Date of Award


Document Type


Degree Name


Organizational Unit

Joint Ph.D. Program in Study of Religion

First Advisor

Carl A. Raschke

Second Advisor

Sarah Pessin

Third Advisor

Ted Vial

Fourth Advisor

Joshua Hanan


Kierkegaard, Lacan, Repetition, Subject, Subjectivity


When Descartes declared “Cogito ergo sum,” he triggered a fundamental shift in the trajectory and scope of the philosophical discourse. Hegel called this the beginning of modern philosophy, but the Cartesian cogito elevated human reason, ushered the Enlightenment, and led to scientific and political revolutions. But as Slavoj Zizek has pointed out, almost from the moment Descartes posited the mind-body problem, there was an anxiety about what it meant to be “one who thinks.”1 This anxiety presents itself as a continuous questioning of the ontology of the subject, and ultimately, whether there is a subject at all. By the time post-structuralism trains its eyes on subjectivity, the subject is thoroughly dismantled. Jacques Lacan inaugurates this dismantling by positing a subject rooted in desire and borne out of a constitutive lack, a subject created by a linguistic and symbolic structure that is completely inaccessible to the one who is. In short, Lacan defines the subject for a post-structuralist generation of philosophy that is more interested in dismantling what remains of the Cartesian cogito, rather than attempting to rebuild the subject.

For his part, Soren Kierkegaard anticipated this post-structuralist idea of subjectivity, and in a trio of texts written in 1843, he posits the self as a movement of becoming, freedom, and transcendence. Perhaps the most obscure text in his oeuvre, Repetition, embodies this idea through what Lacan calls a text that is “…dazzling in its lightness and ironic play…”2 Repetition is often considered one of the more difficult texts in Kierkegaard, with the text spawning numerous interpretations about his views on metaphysics, subjectivity, and whether it has a meaning to it at all. However, Lacan read Repetition carefully and, aside from mentioning it in his seminars, the themes heavily influence his own writing on repetition. The goal of this project, then, is to revisit the work of Kierkegaard’s trio of 1843 texts—Repetition, Either/Or, and the Job Discourse— and situate their importance for Lacanian repetition. By re-reading Lacanian repetition through a Kierkegaardian framework, we can liberate it from a Freudian determinism that situates the subject as only suffering from alienation and lack, and find a post-structuralist subject with agency to make a choice for its own freedom and becoming.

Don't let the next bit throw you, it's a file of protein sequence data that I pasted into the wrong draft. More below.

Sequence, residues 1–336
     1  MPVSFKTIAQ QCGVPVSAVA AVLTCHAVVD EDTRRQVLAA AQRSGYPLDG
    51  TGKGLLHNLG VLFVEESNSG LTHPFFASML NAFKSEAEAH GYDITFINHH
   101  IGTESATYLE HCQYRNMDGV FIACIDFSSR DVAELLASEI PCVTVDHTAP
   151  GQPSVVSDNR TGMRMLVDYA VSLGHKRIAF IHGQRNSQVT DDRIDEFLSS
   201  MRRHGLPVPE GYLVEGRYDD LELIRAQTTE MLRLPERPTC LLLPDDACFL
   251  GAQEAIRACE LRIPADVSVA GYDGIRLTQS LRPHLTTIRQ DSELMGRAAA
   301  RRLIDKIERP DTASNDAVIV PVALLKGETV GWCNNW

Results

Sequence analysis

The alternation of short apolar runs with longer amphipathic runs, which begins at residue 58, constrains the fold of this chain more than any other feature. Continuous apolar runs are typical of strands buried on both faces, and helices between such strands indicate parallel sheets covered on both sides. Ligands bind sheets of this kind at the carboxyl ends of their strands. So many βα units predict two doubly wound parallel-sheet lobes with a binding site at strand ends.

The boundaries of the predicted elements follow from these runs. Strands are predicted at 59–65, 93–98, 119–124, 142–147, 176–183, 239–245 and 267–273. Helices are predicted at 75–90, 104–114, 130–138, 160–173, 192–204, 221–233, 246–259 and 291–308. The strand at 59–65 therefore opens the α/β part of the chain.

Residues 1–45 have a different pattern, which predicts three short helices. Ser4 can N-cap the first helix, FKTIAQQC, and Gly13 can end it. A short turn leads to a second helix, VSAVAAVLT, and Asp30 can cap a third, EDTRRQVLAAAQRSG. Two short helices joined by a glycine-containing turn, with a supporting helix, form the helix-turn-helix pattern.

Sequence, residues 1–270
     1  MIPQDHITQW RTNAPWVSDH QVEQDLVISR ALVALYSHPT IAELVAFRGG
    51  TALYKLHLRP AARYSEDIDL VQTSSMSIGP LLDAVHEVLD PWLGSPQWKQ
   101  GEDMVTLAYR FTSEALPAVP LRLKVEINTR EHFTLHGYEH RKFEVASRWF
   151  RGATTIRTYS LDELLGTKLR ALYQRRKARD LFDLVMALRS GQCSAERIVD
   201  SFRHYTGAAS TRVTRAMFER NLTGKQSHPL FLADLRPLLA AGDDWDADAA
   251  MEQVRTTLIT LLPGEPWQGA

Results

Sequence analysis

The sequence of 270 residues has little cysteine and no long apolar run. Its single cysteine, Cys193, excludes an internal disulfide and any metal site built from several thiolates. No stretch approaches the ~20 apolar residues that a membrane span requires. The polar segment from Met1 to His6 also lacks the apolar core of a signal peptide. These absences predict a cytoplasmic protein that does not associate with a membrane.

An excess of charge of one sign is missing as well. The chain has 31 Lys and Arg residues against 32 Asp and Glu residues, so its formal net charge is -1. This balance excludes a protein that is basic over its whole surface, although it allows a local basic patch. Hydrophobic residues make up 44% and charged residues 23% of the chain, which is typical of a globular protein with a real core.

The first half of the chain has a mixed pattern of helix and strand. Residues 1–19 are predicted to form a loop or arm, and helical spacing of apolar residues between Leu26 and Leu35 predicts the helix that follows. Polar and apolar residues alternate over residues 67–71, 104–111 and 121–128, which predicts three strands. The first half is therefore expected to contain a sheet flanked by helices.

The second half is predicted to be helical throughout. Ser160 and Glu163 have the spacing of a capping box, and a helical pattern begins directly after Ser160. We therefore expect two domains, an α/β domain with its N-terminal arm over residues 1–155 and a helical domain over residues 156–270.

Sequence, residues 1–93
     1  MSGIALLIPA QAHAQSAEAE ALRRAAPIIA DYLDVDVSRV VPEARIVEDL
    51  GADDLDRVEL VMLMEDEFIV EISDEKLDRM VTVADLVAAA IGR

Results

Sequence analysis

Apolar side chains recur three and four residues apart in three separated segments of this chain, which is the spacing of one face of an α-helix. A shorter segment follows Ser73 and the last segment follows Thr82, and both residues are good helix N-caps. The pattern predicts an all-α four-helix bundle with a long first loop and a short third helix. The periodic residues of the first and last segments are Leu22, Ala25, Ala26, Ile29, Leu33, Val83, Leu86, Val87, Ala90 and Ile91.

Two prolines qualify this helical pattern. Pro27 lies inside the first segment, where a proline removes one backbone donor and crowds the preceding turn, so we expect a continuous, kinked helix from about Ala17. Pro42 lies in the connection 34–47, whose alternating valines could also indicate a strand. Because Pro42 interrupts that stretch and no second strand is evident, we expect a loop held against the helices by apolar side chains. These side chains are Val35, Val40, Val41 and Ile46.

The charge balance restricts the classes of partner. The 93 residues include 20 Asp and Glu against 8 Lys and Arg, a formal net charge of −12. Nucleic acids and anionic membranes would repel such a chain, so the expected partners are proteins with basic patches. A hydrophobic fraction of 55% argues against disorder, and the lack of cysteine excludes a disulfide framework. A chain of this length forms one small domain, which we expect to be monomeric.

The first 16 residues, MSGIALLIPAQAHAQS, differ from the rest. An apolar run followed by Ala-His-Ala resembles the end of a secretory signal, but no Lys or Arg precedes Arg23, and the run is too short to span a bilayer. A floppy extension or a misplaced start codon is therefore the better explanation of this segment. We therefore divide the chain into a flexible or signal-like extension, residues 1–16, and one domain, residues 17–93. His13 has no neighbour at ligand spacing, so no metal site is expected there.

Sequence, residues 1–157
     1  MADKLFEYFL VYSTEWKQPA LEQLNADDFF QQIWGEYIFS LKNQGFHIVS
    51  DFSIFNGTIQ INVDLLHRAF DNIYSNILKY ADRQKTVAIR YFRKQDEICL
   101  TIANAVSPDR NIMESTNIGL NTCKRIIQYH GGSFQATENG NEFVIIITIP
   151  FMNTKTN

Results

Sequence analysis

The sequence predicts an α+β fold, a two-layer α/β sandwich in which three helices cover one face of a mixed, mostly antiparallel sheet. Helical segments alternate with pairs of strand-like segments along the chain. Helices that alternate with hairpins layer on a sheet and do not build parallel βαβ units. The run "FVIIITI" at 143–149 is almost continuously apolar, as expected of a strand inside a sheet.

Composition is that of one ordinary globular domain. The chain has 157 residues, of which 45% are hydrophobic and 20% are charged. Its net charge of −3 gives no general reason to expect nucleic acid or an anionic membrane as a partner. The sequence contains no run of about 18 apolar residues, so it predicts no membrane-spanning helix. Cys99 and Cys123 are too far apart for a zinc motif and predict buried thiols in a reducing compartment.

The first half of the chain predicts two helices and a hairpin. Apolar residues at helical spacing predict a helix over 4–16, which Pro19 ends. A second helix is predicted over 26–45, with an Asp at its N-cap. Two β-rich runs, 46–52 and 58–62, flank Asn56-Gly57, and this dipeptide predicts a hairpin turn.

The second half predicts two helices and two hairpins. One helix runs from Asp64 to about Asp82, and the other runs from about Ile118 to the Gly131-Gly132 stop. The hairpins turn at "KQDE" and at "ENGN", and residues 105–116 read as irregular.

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Rights Holder

Thomas R. Ryan


Received from ProQuest

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168 pgs


Philosophy of religion, Philosophy, Religion